The textile and the commerce ministries both are engaged in formulating new strategies to boost exports in the textile and clothing sector as it is the largest employment provider after agriculture, accounting for some 45 million jobs. The government is also likely to renew focus on some of the segments that are already doing relatively well so that Indiaâ€™s dominance is further entrenched in those areas, according to official sources.
The Centre is seeking to make it more attractive for exporters to tap markets with immense potential for outbound shipments of textile and clothing items, notably Africa, to widen the geographical spread of the export market and reduce dependence on the developed world â€” mainly the US and the EU.
Although it wouldnâ€™t be easy to reduce the dependence on such markets meaningfully in the near future and remain unaffected to any slowdown there, given the scale of exports to these nations, the diversification to Africa will help India in the long run.
The need to tap new markets has also arisen more than ever, as Chinaâ€™s economy is set for a prolonged slowdown and the developed world is still struggling with a fragile recovery.
The textile secretary Sanjay Kumar Panda said that to promote textile exports in new markets, the government has raised support to outbound shipments of more textile products under the Merchandise Exports from India Scheme (MEIS). Most of the textile and garment items, which were earlier not availing much of a benefit, are now granted 3% duty credit scrip under the MEIS to tap markets such as those in Africa.
Recently, the government introduced 110 new tariff lines, includes textile in the MEIS and increased the duty benefit rates or the country coverage, or both, for 2228 existing tariff lines. The commerce ministryâ€™s move to partially tweak the MEIS came after the finance ministry had agreed to raise the allocation for the scheme to R21,000 crore for the current fiscal from R18,000 crore announced earlier.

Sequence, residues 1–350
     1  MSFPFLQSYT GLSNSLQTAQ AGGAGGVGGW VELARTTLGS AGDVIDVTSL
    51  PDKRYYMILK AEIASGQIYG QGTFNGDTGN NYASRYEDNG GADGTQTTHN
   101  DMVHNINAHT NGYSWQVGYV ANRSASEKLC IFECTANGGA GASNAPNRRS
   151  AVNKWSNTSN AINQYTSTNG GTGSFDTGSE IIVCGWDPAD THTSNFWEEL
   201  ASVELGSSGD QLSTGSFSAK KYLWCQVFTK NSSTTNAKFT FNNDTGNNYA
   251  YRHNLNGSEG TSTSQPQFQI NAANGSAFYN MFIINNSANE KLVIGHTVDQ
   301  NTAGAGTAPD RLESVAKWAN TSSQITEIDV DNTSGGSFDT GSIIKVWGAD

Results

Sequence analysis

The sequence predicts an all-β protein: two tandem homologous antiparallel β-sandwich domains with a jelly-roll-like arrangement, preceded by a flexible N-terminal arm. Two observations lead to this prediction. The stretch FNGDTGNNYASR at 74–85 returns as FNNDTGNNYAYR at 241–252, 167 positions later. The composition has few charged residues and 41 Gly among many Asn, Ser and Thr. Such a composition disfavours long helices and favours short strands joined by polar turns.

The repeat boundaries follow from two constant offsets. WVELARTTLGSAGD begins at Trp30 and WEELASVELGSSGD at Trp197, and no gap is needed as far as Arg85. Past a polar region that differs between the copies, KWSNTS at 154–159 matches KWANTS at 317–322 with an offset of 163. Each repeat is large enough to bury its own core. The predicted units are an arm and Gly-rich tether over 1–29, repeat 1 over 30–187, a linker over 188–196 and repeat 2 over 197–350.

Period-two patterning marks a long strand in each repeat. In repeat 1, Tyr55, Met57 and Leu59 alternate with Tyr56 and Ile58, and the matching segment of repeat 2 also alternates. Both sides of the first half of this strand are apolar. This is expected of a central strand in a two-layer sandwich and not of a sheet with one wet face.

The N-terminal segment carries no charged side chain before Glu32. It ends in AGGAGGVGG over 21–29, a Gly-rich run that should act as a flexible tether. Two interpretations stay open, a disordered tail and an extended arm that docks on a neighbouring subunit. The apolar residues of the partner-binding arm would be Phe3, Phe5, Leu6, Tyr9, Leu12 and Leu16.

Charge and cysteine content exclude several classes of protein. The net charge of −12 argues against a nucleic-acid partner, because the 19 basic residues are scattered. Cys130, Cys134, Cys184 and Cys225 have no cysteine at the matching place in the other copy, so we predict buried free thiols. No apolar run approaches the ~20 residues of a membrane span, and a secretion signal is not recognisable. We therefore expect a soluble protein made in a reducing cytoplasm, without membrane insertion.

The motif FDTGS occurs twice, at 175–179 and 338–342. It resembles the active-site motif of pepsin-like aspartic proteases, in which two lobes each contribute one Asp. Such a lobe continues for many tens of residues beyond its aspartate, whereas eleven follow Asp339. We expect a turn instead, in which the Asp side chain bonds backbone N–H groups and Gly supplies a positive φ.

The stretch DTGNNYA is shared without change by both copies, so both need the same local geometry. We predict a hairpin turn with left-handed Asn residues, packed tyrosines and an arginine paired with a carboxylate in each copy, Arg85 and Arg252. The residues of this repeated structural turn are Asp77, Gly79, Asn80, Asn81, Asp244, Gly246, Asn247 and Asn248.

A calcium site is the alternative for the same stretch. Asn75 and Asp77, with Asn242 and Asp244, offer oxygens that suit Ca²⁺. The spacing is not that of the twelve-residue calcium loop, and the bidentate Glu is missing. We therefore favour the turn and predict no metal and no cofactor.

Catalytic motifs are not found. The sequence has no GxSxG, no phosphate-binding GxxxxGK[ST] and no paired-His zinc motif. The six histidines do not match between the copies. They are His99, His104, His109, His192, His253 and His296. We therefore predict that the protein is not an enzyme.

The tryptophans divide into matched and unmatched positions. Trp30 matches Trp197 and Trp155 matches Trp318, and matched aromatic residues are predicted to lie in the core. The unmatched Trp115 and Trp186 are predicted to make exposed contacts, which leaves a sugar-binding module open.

Under the MEIS, the government provides exporters duty credit scrip at 2%, 3% and 5% of their export turnover, depending upon the product and the country, as envisaged in the foreign trade policy 2015-20. The scrip can be transferred or used for payment of a number of duties, including the basic customs duty.
Similarly, higher support has been granted to certain textile products, many of which are manufactured by MSMEs. Even readymade garments and handmade woolen shawls have been offered more support.
Panda said that the countryâ€™s total exports contracted for an eleventh straight month through October, overall textile and clothing exports â€” which also include those of handicrafts and carpets â€” put up a somewhat better show. Amidst the gloom, the textile and clothing sector not just managed to beat a global slowdown but also rose a tad.
According to the latest data, overall textile and garment exports rose 0.6% to almost $18 billion in the first half of the current fiscal from a year before, while the countryâ€™s overall exports plunged by 17.6% during the period. Consequently, the share of such textile and clothing exports in the countryâ€™s overall exports have risen to 13.5% in the April-September period this fiscal from 11.1% a year before.
The textile ministry plans to further intensify focus on segments like handicrafts that have witnessed good growth in exports and have immense employment potential.
China is the biggest market for textiles, accounting for over 70% of Indiaâ€™s cotton and 40% of yarn supplies, the US and the EU are the largest markets for Indian apparel, and making up for roughly 65% of garment exports.
According to TEXPROCIL chairman RK Dalmia, cotton fabrics â€“ both woven and knitted â€“ and madeups exports to markets such as Africa could raise 10-15% annually as India can offer products at competitive prices as it now enjoys benefits such as the duty credit scrip benefits.
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